What is Business Model Canvas?
How to make a Business Model Canvas in 9 steps
Business Model Canvas (BMC) is a strategic management tool to quickly and easily define and communicate a business model, product or service. BMC offers a template on one page that helps you work through the fundamental elements of a business or product, structuring your ideas in a coherent way.
Business Model Canvas explained
A BMC has 9 elements: key partners, key activities, key resources, value propositions, customer relationships, channels, customer segment, cost structure, and revenue stream.
Why use a Business Model Canvas?
BMC is all about defining your business model or defining a product or service that your organisation offers. You can use BMC as a step-by-step guide to developing a complete business model, product or service. A BMC can also serve as important groundwork for your strategic plan in OGSM, since it helps you think about a range of important factors for your Strategies.
How do I make a Business Model Canvas?
The Business Model Canvas template consists of 9 different components that you will have to think about and define as concretely as possible. Below, we briefly explain each of the components:
1. Key partners: These are your relationships and strategic alliances with other businesses and suppliers. These relationships can help you with resource acquisition, reduction of risk, and optimization of economies. Partnerships can help you innovate and stand out in the market, outperform the competition, and/or increase sales.
2. Key activities: These are the most important activities that your company needs to execute to make your business plan work. The key activities of a company can be managerial or operational. You’ll want to briefly describe the activities that are core to your company’s functioning, but don’t go into everything in exhaustive detail.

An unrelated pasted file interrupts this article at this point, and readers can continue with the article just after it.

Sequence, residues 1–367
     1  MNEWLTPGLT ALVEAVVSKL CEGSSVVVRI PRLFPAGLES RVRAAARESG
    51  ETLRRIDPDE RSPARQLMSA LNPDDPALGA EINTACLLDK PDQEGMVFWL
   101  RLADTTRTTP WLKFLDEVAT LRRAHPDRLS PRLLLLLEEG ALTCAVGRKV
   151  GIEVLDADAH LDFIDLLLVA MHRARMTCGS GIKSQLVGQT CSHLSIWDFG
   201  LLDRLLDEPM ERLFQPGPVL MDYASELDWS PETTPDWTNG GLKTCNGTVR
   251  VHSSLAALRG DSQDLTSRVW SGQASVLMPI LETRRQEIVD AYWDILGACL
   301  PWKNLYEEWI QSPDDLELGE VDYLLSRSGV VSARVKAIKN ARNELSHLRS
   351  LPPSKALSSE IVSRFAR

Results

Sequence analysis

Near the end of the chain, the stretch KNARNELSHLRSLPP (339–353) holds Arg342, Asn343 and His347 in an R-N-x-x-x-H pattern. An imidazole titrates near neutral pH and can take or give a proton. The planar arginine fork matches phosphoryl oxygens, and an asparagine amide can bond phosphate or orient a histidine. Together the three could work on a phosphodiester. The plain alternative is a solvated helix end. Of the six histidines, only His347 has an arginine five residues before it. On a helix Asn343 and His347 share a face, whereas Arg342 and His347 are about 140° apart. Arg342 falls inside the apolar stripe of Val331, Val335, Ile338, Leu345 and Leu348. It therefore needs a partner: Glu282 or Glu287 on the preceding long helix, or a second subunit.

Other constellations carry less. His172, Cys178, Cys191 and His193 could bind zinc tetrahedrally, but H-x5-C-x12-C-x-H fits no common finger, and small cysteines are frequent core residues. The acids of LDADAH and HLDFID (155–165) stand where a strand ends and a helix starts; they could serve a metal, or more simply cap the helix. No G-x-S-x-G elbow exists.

3. Key resources: These are the resources you need to create value for your customers. They include all assets that your company needs to sustain and support the business. This component includes human, financial, material and intellectual resources.
4. Value propositions: This is the added value that your service or product offers. It should define the main reason why customers should choose you over a competitor. The value proposition must address a problem, need or desire of a customer.
5. Customer relationships: To ensure the survival and success of your business, you must identify the type of relationship you want to create with your customer segments. This element should cover three critical aspects of the customer relationship:
- How your business will get new customers;
- How your business will convince existing customers to keep purchasing its products or using its services;
- How your business will grow its revenue from its current customers.
6. Channels: Your company can deliver its value proposition to its targeted customers through different channels. Effective channels will distribute a company’s value proposition in ways that are fast, efficient and cost-effective. You could reach clients through your own channels (store front), partner channels (major distributors) or a combination of both.
7. Customer segments: Different customers have different needs and requirements. It is very important to recognise them, so your company can target new customers effectively and successfully leverage the customer relationships as described under component 5.
8. Cost structure: Each company has costs linked to the key activities, key partners and the key resources. For each cost, you should determine whether it is fixed or variable, and direct or indirect.
- Fixed costs: These don’t change, even if the production increases, e.g. rent paid for office space.
- Variable costs: They increase proportionally with the volume of production, e.g. material or labour costs.
- Direct costs: They are essential for the creation of the product or service.
- Indirect costs: They do not have a direct link with your value proposition
9. Revenue stream: This describes the way your company generates revenue from each customer segment. Some possible revenue streams are usage fees, product sales, subscription fees, licencing, advertising, lease, and brokerage.
Now that you know all the BMC components, you can make a table with two columns and nine rows. In the left column, enter all nine components from top to bottom. Then, in the right column, enter the required information for each component.
BMC as preparation for OGSM or OKR
We highly recommend utilizing the Business Model Canvas as a valuable tool for your strategic preparation. The Business Model Canvas provides a structured framework to visualize and assess your organization’s key components, relationships, and value propositions. It enables you to gain a comprehensive understanding of your business model and identify areas for improvement or innovation.
The Business Model Canvas is a tool to map the essentials of your company. This is a great foundation for a strategic plan in OGSM or OKR, which can help you to take your business to a higher level. Do you want to learn how to fill out an OGSM or strategic plan? Click here for a step-by-step guide.